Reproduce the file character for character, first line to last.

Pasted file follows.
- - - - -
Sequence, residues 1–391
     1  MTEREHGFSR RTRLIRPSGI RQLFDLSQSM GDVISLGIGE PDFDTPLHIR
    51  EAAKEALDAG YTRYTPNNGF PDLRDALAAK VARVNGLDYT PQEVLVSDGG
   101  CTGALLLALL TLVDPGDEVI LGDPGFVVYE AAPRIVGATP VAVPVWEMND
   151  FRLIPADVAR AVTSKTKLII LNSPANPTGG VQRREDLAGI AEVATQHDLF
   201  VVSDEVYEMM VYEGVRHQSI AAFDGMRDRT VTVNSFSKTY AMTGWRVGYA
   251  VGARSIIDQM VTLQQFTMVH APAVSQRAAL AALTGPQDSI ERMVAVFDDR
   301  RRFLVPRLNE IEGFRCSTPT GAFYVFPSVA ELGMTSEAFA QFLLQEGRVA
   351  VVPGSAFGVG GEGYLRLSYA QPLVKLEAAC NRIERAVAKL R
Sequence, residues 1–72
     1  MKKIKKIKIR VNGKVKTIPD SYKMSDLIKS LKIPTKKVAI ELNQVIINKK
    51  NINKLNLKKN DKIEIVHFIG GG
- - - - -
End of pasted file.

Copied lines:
Sequence, residues 1–391
     1  MTEREHGFSR RTRLIRPSGI RQLFDLSQSM GDVISLGIGE PDFDTPLHIR
    51  EAAKEALDAG YTRYTPNNGF PDLRDALAAK VARVNGLDYT PQEVLVSDGG
   101  CTGALLLALL TLVDPGDEVI LGDPGFVVYE AAPRIVGATP VAVPVWEMND
   151  FRLIPADVAR AVTSKTKLII LNSPANPTGG VQRREDLAGI AEVATQHDLF
   201  VVSDEVYEMM VYEGVRHQSI AAFDGMRDRT VTVNSFSKTY AMTGWRVGYA
   251  VGARSIIDQM VTLQQFTMVH APAVSQRAAL AALTGPQDSI ERMVAVFDDR
   301  RRFLVPRLNE IEGFRCSTPT GAFYVFPSVA ELGMTSEAFA QFLLQEGRVA
   351  VVPGSAFGVG GEGYLRLSYA QPLVKLEAAC NRIERAVAKL R
Sequence, residues 1–72
     1  MKKIKKIKIR VNGKVKTIPD SYKMSDLIKS LKIPTKKVAI ELNQVIINKK
    51  NINKLNLKKN DKIEIVHFIG GG